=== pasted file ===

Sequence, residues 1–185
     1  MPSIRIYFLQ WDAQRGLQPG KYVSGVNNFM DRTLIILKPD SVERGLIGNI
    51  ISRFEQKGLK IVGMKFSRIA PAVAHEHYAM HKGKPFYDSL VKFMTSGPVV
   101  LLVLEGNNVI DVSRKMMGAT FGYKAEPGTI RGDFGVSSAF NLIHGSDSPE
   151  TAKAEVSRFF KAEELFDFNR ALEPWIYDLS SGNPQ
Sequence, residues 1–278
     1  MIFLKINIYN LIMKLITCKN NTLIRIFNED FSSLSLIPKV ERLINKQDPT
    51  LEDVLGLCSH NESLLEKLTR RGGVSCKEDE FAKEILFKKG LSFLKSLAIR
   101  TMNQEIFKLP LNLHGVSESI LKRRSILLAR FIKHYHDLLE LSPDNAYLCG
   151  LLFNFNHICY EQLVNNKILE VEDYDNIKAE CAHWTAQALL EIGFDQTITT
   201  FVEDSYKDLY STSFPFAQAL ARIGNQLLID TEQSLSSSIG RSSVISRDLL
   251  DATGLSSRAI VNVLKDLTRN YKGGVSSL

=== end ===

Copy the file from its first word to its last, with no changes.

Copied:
Sequence, residues 1–185
     1  MPSIRIYFLQ WDAQRGLQPG KYVSGVNNFM DRTLIILKPD SVERGLIGNI
    51  ISRFEQKGLK IVGMKFSRIA PAVAHEHYAM HKGKPFYDSL VKFMTSGPVV
   101  LLVLEGNNVI DVSRKMMGAT FGYKAEPGTI RGDFGVSSAF NLIHGSDSPE
   151  TAKAEVSRFF KAEELFDFNR ALEPWIYDLS SGNPQ
Sequence, residues 1–278
     1  MIFLKINIYN LIMKLITCKN NTLIRIFNED FSSLSLIPKV ERLINKQDPT
    51  LEDVLGLCSH NESLLEKLTR RGGVSCKEDE FAKEILFKKG LSFLKSLAIR
   101  TMNQEIFKLP LNLHGVSESI LKRRSILLAR FIKHYHDLLE LSPDNAYLCG
   151  LLFNFNHICY EQLVNNKILE VEDYDNIKAE CAHWTAQALL EIGFDQTITT
   201  FVEDSYKDLY STSFPFAQAL ARIGNQLLID TEQSLSSSIG RSSVISRDLL
   251  DATGLSSRAI VNVLKDLTRN YKGGVSSL